Send to

Choose Destination
Hepatology. 2017 Feb;65(2):710-721. doi: 10.1002/hep.28886. Epub 2016 Nov 30.

Stem cell-derived models to improve mechanistic understanding and prediction of human drug-induced liver injury.

Author information

MRC Centre for Drug Safety Science, Department of Molecular and Clinical Pharmacology, University of Liverpool, Liverpool, UK.
Stem Cells for Safer Medicines, London, UK.
European Partnership for Alternative Approaches to Animal Testing, Brussels, Belgium.
Department of Stem Cell Biology, Centre for Biomolecular Sciences, University of Nottingham, Nottingham, UK.
Division of Gastroenterology, Department of Internal Medicine, University of Michigan, Ann Arbor, MI.
Centre for Endocrinology & Diabetes, University of Manchester, and Central Manchester University Hospitals NHS Foundation Trust, Manchester Academic Health Science Centre, Manchester, UK.
MRC Centre for Regenerative Medicine, University of Edinburgh, Edinburgh, UK.
Department of Physiology and Pharmacology, Karolinska Institutet, Stockholm, Sweden.
R&D, In Vitro Biology, Orion Pharma, Espoo, Finland.
Faculty of Pharmacy, Universidade de Lisboa, Lisbon, Portugal.
National Center for Advancing Translational Sciences, National Institutes of Health, Bethesda, MD.
Abbvie Global Pharmaceutical Research and Development, North Chicago, IL.
Faculty of Science, Leiden Academic Centre for Drug Research, Gorlaeus Laboratories, University of Leiden, Leiden, The Netherlands.
Institut de Recherches Internationales Servier, Suresnes, France.


Current preclinical drug testing does not predict some forms of adverse drug reactions in humans. Efforts at improving predictability of drug-induced tissue injury in humans include using stem cell technology to generate human cells for screening for adverse effects of drugs in humans. The advent of induced pluripotent stem cells means that it may ultimately be possible to develop personalized toxicology to determine interindividual susceptibility to adverse drug reactions. However, the complexity of idiosyncratic drug-induced liver injury means that no current single-cell model, whether of primary liver tissue origin, from liver cell lines, or derived from stem cells, adequately emulates what is believed to occur during human drug-induced liver injury. Nevertheless, a single-cell model of a human hepatocyte which emulates key features of a hepatocyte is likely to be valuable in assessing potential chemical risk; furthermore, understanding how to generate a relevant hepatocyte will also be critical to efforts to build complex multicellular models of the liver. Currently, hepatocyte-like cells differentiated from stem cells still fall short of recapitulating the full mature hepatocellular phenotype. Therefore, we convened a number of experts from the areas of preclinical and clinical hepatotoxicity and safety assessment, from industry, academia, and regulatory bodies, to specifically explore the application of stem cells in hepatotoxicity safety assessment and to make recommendations for the way forward. In this short review, we particularly discuss the importance of benchmarking stem cell-derived hepatocyte-like cells to their terminally differentiated human counterparts using defined phenotyping, to make sure the cells are relevant and comparable between labs, and outline why this process is essential before the cells are introduced into chemical safety assessment. (Hepatology 2017;65:710-721).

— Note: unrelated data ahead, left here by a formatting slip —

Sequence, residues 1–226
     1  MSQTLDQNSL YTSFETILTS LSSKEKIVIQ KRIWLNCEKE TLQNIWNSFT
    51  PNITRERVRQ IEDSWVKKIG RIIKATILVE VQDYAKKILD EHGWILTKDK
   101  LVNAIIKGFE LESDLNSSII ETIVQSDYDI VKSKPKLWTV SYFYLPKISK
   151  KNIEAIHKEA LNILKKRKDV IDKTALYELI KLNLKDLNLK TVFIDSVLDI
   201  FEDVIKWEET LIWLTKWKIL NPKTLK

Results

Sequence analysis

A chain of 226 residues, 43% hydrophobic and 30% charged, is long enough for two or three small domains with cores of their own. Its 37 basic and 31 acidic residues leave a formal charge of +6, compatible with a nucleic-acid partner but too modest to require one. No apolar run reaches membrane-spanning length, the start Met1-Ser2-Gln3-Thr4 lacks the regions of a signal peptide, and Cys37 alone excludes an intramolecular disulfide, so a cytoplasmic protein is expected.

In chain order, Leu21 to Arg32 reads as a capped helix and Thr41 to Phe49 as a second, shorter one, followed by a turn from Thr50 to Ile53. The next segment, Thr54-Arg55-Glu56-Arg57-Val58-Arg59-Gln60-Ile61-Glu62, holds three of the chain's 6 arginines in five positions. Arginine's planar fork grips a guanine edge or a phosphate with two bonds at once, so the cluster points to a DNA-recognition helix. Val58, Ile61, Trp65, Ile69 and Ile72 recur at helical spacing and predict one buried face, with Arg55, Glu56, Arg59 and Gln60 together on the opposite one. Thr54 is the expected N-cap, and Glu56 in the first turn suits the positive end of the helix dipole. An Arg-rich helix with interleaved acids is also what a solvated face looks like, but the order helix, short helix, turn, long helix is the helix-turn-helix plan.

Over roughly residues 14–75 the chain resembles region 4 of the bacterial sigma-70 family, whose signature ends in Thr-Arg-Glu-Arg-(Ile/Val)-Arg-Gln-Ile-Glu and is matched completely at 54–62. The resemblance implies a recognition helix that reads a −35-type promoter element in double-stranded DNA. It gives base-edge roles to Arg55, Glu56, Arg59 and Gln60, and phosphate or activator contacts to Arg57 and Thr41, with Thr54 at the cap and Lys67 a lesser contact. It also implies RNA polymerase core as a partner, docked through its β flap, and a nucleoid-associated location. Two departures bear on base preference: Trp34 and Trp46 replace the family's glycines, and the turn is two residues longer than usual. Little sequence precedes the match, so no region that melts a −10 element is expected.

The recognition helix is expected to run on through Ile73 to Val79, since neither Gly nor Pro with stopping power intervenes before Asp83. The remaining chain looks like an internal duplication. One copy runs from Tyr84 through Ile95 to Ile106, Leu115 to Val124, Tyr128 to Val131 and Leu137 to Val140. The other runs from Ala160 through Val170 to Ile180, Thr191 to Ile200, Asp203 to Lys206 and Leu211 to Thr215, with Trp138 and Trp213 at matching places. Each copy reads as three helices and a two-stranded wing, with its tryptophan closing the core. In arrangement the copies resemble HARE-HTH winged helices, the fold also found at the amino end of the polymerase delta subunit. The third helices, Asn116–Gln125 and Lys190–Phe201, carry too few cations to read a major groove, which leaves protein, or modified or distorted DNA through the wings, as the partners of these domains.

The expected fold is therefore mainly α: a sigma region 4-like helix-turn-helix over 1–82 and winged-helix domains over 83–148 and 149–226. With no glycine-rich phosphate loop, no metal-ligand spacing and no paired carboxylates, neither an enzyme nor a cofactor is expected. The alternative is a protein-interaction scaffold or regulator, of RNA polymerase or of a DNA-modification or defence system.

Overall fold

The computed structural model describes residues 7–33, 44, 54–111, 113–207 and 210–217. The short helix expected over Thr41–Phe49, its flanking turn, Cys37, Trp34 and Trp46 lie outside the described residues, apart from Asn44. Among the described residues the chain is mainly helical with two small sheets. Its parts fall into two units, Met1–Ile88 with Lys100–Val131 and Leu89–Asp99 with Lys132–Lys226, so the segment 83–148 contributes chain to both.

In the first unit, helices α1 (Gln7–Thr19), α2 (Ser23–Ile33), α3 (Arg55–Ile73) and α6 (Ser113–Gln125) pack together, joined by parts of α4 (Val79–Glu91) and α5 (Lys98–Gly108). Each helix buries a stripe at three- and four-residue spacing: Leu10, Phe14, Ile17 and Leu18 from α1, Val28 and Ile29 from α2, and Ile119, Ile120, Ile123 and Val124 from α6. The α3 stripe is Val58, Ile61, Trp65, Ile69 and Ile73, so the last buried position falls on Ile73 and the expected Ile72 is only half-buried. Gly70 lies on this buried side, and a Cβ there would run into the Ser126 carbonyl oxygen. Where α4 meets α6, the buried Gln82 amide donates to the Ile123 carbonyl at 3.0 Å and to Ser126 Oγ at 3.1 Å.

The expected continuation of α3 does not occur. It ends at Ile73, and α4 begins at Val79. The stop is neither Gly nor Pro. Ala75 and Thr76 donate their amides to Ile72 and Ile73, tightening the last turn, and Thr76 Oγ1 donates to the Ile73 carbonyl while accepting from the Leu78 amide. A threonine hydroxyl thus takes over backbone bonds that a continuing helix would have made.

[Indexed for MEDLINE]
Free PMC Article

Supplemental Content

Full text links

Icon for Wiley Icon for PubMed Central
Loading ...
Support Center